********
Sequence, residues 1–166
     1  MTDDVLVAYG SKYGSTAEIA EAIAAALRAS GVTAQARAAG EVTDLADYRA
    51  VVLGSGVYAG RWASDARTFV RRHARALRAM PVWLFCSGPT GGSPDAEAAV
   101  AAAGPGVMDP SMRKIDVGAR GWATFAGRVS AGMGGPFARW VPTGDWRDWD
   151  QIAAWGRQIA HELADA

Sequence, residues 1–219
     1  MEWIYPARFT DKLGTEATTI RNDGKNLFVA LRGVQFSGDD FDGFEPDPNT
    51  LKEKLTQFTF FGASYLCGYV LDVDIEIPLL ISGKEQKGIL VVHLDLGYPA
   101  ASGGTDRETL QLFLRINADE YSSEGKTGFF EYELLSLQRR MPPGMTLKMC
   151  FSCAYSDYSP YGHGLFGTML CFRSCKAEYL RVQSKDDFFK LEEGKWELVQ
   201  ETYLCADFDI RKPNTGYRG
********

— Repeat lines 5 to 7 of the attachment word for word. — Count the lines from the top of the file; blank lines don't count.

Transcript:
   151  QIAAWGRQIA HELADA

Sequence, residues 1–219
     1  MEWIYPARFT DKLGTEATTI RNDGKNLFVA LRGVQFSGDD FDGFEPDPNT